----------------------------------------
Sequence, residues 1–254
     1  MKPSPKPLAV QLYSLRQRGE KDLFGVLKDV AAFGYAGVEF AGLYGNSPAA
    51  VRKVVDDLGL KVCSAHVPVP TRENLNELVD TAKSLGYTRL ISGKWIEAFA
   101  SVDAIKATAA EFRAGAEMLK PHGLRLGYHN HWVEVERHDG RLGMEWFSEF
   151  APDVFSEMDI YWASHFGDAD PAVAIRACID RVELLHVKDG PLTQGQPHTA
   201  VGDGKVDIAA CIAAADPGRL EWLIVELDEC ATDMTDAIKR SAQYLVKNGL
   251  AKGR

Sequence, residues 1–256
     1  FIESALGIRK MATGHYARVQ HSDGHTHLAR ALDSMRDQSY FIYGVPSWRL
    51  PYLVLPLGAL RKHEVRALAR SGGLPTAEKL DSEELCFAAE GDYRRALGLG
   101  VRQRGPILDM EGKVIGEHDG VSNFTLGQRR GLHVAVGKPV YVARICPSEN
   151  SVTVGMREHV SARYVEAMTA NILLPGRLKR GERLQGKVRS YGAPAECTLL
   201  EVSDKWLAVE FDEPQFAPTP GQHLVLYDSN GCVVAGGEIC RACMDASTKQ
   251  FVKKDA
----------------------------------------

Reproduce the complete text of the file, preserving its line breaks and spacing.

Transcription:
Sequence, residues 1–254
     1  MKPSPKPLAV QLYSLRQRGE KDLFGVLKDV AAFGYAGVEF AGLYGNSPAA
    51  VRKVVDDLGL KVCSAHVPVP TRENLNELVD TAKSLGYTRL ISGKWIEAFA
   101  SVDAIKATAA EFRAGAEMLK PHGLRLGYHN HWVEVERHDG RLGMEWFSEF
   151  APDVFSEMDI YWASHFGDAD PAVAIRACID RVELLHVKDG PLTQGQPHTA
   201  VGDGKVDIAA CIAAADPGRL EWLIVELDEC ATDMTDAIKR SAQYLVKNGL
   251  AKGR

Sequence, residues 1–256
     1  FIESALGIRK MATGHYARVQ HSDGHTHLAR ALDSMRDQSY FIYGVPSWRL
    51  PYLVLPLGAL RKHEVRALAR SGGLPTAEKL DSEELCFAAE GDYRRALGLG
   101  VRQRGPILDM EGKVIGEHDG VSNFTLGQRR GLHVAVGKPV YVARICPSEN
   151  SVTVGMREHV SARYVEAMTA NILLPGRLKR GERLQGKVRS YGAPAECTLL
   201  EVSDKWLAVE FDEPQFAPTP GQHLVLYDSN GCVVAGGEIC RACMDASTKQ
   251  FVKKDA